This is a young adult fiction novel, and even though the author says that teens are aware of what’s going on in the world (which I agree, they are) I would be hard pressed to put this in my cousin’s hands in six years, when she is sixteen.  I do highly recommend this novel if you like to experience other perspectives and lives, no matter how gritty and bleak they can be.  But be warned, Living Dead Girl is not for the faint of heart.

Highly Recommended.

1DA652C2516038AE4D02F55645591F39 Shutter Island, by Dennis Lehane

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  1. Wow. I surprise myself sometimes when I read something that is harrowing, but I can’t put it down. Columbine was like that. I had nightmares, but was compelled to read it whenever I possibly could. This one sounds equally as disturbing, even though it is fiction. But YA? Seems a bit of a stretch. I will take your recommendation to heart.

  2. Now this sounds like one of those books I desperately want to read, and then once it sits on my nightstand, I’m just a little afraid to open up and delve inside.

    Great review Nicole.

  3. This book was very disturbing indeed, but a story that needed to be told. I’ve yet to recommend it to someone too only because of the subject matter. For me the twist was how much Alice was willing to do to get someone to take her place…excellent review!

  4. Great review, though I had a much harder time with this one. I found it a little more sensational so I had a hard time getting a clear message. Lots of shock and less of a lesson from my perspective. However you did remind me of the lesson about being ignorant or turning a blind eye to these situations. It certainly does get one’s attention and do away with apathy!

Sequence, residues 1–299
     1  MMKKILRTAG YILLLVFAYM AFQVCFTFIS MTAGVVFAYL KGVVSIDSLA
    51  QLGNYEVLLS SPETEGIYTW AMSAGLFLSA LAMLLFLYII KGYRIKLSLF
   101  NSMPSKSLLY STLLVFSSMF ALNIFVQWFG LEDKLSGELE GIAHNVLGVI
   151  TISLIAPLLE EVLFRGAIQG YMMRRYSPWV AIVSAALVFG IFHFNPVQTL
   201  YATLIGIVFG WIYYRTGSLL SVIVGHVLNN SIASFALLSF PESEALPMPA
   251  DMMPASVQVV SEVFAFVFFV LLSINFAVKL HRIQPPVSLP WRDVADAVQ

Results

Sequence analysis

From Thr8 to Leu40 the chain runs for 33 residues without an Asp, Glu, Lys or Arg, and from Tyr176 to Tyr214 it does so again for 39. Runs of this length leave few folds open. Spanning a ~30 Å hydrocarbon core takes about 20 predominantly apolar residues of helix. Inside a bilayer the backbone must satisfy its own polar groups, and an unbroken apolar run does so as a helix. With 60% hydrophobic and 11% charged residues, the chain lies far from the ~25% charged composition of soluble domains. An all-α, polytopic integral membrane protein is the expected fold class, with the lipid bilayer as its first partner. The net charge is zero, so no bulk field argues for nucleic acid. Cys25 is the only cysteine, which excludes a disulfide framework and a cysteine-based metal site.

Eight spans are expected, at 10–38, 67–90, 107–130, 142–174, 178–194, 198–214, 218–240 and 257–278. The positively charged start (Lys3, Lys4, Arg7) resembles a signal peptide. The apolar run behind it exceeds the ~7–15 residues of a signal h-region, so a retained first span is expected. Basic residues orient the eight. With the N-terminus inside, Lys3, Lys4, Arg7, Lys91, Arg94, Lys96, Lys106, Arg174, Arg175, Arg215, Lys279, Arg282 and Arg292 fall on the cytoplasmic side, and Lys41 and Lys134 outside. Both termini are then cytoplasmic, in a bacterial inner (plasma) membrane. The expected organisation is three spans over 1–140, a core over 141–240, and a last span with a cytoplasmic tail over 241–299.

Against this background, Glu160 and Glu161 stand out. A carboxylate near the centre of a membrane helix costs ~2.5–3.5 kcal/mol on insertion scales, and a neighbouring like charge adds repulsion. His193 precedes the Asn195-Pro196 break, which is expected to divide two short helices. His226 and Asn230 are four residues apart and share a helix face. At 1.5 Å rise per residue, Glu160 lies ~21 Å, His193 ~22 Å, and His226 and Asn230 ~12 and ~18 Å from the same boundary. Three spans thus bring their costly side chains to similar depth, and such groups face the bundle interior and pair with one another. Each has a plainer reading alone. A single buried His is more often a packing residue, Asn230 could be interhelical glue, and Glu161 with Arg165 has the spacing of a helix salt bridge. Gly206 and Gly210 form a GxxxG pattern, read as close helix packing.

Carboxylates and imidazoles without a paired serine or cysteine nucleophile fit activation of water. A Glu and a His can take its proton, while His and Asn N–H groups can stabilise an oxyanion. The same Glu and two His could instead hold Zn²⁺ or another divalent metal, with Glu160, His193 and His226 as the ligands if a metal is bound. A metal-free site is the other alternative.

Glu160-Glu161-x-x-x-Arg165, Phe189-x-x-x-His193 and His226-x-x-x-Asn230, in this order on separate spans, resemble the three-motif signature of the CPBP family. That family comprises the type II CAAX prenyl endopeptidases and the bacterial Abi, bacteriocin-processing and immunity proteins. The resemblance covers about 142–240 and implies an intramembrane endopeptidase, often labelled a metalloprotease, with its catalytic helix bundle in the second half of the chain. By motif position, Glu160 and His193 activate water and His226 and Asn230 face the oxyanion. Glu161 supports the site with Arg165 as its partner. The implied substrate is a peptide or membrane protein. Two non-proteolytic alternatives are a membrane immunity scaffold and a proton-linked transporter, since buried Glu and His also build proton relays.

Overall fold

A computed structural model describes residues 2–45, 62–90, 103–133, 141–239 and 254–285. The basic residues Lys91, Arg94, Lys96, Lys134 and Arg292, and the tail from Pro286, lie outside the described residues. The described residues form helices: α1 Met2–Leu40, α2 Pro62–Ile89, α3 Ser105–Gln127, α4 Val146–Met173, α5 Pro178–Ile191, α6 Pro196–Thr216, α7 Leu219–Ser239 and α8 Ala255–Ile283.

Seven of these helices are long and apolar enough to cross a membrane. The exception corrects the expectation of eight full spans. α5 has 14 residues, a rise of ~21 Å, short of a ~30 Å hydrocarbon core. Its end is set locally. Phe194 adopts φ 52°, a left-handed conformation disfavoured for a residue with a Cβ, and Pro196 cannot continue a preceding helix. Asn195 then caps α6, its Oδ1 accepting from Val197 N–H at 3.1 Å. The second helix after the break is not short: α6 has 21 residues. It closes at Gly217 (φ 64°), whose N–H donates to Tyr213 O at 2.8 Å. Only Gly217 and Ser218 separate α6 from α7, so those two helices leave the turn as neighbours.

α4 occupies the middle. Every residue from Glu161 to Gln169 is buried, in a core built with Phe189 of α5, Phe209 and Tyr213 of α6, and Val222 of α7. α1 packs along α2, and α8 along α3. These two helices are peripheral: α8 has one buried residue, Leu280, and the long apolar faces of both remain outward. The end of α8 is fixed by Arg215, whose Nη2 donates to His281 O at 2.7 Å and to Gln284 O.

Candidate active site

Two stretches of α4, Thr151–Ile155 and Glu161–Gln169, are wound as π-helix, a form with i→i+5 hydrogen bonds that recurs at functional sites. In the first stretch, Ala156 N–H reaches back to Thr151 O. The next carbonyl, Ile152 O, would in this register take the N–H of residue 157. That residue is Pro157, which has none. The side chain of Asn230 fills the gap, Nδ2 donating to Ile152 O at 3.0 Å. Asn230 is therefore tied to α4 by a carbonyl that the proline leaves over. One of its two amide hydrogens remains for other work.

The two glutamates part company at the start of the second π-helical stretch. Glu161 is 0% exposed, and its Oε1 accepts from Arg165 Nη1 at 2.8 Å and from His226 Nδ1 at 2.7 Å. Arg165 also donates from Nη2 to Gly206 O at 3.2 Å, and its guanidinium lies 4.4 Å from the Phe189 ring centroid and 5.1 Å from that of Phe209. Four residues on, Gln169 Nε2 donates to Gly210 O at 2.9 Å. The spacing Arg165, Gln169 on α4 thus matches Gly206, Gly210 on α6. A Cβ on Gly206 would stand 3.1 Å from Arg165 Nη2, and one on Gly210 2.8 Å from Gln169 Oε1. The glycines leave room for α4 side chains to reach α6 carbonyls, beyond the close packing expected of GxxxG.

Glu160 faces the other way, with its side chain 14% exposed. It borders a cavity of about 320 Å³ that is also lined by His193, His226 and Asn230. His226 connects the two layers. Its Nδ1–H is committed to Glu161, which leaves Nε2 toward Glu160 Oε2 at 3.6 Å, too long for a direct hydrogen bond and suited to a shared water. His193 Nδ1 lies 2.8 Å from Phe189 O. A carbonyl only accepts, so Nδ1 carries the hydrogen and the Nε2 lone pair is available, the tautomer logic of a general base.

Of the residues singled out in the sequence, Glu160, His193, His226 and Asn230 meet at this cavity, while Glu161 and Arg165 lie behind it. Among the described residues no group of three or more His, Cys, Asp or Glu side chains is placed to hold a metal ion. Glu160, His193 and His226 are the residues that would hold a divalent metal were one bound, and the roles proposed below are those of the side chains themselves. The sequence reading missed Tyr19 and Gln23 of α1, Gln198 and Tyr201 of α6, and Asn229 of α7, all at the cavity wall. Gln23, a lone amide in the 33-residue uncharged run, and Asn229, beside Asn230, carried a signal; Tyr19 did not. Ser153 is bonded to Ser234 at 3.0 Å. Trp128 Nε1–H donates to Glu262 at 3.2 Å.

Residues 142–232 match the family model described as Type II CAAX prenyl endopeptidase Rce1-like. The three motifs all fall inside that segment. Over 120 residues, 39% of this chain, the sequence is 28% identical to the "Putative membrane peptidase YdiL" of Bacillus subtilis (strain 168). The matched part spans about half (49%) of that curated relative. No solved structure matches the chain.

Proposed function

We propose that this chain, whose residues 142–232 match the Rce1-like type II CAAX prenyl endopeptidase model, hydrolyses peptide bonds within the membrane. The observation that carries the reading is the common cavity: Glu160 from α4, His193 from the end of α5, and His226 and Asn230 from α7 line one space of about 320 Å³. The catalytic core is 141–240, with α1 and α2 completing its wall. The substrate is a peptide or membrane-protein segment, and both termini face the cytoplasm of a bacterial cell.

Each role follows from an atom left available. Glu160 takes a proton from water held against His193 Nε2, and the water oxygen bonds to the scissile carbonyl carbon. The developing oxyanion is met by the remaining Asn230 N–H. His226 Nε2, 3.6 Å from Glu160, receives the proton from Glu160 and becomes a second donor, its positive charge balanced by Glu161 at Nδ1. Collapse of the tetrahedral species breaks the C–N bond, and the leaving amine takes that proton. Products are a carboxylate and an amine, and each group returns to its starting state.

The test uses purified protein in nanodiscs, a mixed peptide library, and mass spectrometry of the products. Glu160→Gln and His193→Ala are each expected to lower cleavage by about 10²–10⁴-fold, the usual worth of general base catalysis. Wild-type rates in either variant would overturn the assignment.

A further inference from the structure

5. Powerful review Nicole. I think I would like to try reading this one. Books like this are so hard to describe how they make you feel – I have reviewed books with hard subject matter and words like “I enjoyed, this was fantastic”… just can not be used. You did a good job on describing a tough read.

    Adding to my list to look for at the library.

  6. I don’t read much YA fiction, but I might make the exception here. It sounds similar to Still Missing, which I read last month. Great review, so thanks for the introduction!

  7. I will read this one. This reminds me of a true story here in California of a young girl kidnapped at 10 or 11 who was held captive by her kidnapper and his wife. She had two children with the man and eventually (through a series of circumstances) was found 15+ years later. The State of California just agreed to pay her and her two daughters a $20 million settlement because the parole officers did not take numerous opportunities to realize that her kidnapper ( a convicted child molester) had his kidnap victim and the children living in his backyard. An unbelievable story that had many questioning how the young lady never tried to run away, even when she had opportunity. It is amazing how people will blame the victim and not understand what they went through. Anyway, your book review reminds me of this true case.

  8. Even though I know this one is wonderful, I just can’t make myself read it. It makes my stomach clench just thinking about it. I don’t know. It’s too much for me or something.

  9. I was wounding if this book is good for a teenager girls to read this book at there ages ?